3. Commit early. Commit often. This is an important value in our open source community - read why.
  4. Prepare mid-term & final project presentation videos about your project's status, progress, and any questions you have for the community.
  5. You are now part of our developer community. We want you to feel like part of the team, so we expect you to:
    1. Conduct ALL project-related discussions on IRCTelegram, or OpenMRS Talk. (No direct emails!)
    2. Ask questions (the smart way) if you get stuck.
    3. Participate in our weekly Developers Forum (Inactive) when your schedule allows.

After completing GSoC

  1. Write a final blog post summarizing your overall experience! If you like, talk to the org admins for consideration to cross-post this article to the Google Open Source Blog.
  2. Stay involved with your project or other projects as your schedule permits! There is always plenty of development work needed for OpenMRS volunteers like you.
  3. Continue to watch OpenMRS Talk for additional questions or feedback about your GSoC project, and for other topics that interest you.
  4. Participate as a mentor for Google Code-in, in late 2018, should OpenMRS be accepted to participate. Your involvement will show secondary school students how they can use their skills in programming and open source projects.

Expectations for Mentors

In general, Mentors are community volunteers who are willing to give a student a great experience in open source development. Mentors should be knowledgeable enough in open source development and their project to provide quality mentorship during Summer of Code. Note that mentors cannot also participate as a student (i.e., someone applying as a student to GSoC should not also volunteer to be a mentor in the same year).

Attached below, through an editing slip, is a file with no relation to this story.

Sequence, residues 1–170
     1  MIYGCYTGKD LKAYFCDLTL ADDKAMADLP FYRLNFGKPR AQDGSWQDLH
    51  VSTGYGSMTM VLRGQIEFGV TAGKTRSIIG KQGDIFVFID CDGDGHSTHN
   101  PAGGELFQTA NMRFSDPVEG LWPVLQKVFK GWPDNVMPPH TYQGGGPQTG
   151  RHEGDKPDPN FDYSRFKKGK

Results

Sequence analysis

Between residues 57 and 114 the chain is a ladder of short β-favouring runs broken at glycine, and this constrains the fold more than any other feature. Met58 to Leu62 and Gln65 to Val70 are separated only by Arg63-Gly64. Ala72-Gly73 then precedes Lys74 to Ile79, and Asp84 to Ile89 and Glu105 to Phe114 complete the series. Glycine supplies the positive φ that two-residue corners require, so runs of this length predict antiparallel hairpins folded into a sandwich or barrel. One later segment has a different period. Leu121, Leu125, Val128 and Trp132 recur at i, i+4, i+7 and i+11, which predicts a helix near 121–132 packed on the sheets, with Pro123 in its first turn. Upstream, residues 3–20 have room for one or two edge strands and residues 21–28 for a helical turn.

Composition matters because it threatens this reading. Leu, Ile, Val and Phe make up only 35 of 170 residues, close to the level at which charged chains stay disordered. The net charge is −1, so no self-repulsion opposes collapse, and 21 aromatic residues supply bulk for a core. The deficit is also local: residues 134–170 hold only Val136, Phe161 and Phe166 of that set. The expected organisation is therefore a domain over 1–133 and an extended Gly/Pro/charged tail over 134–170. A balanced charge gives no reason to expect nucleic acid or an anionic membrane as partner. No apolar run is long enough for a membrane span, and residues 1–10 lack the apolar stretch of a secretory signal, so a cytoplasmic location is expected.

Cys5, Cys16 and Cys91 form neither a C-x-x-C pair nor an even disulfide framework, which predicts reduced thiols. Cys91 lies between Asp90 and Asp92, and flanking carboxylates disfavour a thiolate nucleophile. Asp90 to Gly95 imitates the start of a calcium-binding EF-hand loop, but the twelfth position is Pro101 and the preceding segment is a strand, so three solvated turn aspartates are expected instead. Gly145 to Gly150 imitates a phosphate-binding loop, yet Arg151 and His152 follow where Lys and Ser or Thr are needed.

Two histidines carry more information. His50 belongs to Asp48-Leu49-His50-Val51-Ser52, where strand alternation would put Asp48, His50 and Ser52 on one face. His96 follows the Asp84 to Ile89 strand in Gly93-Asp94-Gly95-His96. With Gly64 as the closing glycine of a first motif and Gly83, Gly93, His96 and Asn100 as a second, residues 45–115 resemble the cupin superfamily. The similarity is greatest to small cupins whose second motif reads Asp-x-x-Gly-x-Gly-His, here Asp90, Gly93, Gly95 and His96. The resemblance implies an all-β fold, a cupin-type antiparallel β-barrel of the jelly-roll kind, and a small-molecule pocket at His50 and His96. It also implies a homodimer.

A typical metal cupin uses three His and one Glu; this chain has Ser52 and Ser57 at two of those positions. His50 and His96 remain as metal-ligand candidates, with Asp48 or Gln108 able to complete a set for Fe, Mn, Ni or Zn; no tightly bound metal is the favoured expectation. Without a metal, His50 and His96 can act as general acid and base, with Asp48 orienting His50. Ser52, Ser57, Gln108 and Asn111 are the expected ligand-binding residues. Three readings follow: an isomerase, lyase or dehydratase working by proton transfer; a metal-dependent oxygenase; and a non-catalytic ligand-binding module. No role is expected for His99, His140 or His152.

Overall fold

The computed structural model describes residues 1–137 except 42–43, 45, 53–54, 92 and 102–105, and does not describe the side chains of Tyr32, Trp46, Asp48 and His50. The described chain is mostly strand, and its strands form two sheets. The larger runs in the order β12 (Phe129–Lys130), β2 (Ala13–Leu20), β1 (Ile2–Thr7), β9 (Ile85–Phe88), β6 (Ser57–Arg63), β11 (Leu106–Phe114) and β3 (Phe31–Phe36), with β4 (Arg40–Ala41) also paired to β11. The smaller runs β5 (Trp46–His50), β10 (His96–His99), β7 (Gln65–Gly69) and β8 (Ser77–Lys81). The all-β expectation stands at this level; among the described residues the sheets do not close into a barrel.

Before student selection

  1. Commit to spending a minimum of 4 hours each week to be available to guide and mentor students (not just your assigned student).
  2. Commit to being present in IRC and/or Telegram to help answer questions as much as your schedule allows, at a minimum of 4 hours each week.
  3. Prepare a good overview of your project idea(s) and have them linked to this wiki page.
  4. Watch OpenMRS Talk for questions about your project idea(s).
  5. Review student proposals and work with other mentors and organization admins to select the best candidates for OpenMRS.
  6. Treat returning students who have applied with as much (or more!) scrutiny than first-time students.

After student selection

  1. Ensure your student is ready & active. They should have a dev environment, be regularly communicating in the community, and have prepared a project plan together with you. (See above for student expectations.)
  2. Read the GSoC Mentor Guide and ask questions if you have them.
  3. Be sure to CC your backup mentor on communications with the student so your backup mentor can keep abreast of the project's progress in case she needs to step in for you if you have an emergency that will take you away from GSoC for more than a week during the program.
  4. Reach out to the Summer of Code organization administrators if you have questions or concerns.
  5. If the student is not active during the community bonding period, please contact the organization administrators.

During the program

  1. Help your student be successful. Commit to spending a minimum of 4 hours each week answering questions, giving advice, working with your student on blockers, and evaluating your student's progress.
  2. Complete a short "progress report" each week to help stay on schedule and catch potential problems early.
  3. Have fun and work hard! The highest-performing mentors will get an expenses-paid trip to Google's headquarters in October to geek out with fellow mentors from other open source projects.
  4. Schedule some time to chat 1-on-1 with your student to talk about their post-GSoC plans. Will they continue in their university program? Are they looking for a job? Help them understand the world beyond GSoC, and how they can continue contributing to OpenMRS.

After completing GSoC

  1. Stay in touch with your student and help them find interesting ways to stay involved with OpenMRS.
  2. Apply to attend the GSoC mentor summit in October! It's an awesome way to connect with other people in the open source world and have fun!

Expectations of Backup Mentors

Backup mentors have no explicit expectations beyond staying abreast of a project in case they need to fill in or take over for the primary mentor in case of an unforeseen circumstance. While we generally avoid anyone being a primary mentor for more than one project, we do allow primary mentors to serve as a backup mentor for one other project, since the need for backup mentors to take over the role of primary mentor for a project is very rare.